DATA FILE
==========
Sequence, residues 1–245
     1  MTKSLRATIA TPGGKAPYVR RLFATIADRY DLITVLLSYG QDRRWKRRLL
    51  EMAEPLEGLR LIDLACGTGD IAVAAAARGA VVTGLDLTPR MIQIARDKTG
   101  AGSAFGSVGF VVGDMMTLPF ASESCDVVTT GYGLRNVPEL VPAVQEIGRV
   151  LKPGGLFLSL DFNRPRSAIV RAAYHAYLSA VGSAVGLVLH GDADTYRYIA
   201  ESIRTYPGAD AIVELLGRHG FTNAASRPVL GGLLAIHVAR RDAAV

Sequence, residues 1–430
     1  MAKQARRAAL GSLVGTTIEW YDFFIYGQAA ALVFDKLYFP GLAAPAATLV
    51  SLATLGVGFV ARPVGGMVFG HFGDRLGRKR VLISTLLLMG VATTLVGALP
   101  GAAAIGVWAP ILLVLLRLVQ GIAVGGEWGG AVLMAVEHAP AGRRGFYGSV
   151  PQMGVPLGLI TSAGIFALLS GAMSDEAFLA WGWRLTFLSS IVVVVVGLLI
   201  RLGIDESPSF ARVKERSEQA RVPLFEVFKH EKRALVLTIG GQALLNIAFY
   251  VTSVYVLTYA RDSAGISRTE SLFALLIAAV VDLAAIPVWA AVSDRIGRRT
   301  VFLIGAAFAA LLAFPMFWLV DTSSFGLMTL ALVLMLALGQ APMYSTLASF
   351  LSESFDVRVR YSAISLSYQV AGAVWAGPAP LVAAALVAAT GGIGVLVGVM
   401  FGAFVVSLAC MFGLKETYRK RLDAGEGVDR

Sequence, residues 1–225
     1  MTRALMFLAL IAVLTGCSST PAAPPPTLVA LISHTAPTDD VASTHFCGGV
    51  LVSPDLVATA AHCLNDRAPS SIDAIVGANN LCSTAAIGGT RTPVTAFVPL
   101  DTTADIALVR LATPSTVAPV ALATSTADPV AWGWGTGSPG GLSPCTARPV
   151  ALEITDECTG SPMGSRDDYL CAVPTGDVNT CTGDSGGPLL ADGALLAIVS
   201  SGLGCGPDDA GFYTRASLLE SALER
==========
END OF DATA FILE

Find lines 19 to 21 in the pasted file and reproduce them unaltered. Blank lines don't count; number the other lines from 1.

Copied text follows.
    51  LVSPDLVATA AHCLNDRAPS SIDAIVGANN LCSTAAIGGT RTPVTAFVPL
   101  DTTADIALVR LATPSTVAPV ALATSTADPV AWGWGTGSPG GLSPCTARPV
   151  ALEITDECTG SPMGSRDDYL CAVPTGDVNT CTGDSGGPLL ADGALLAIVS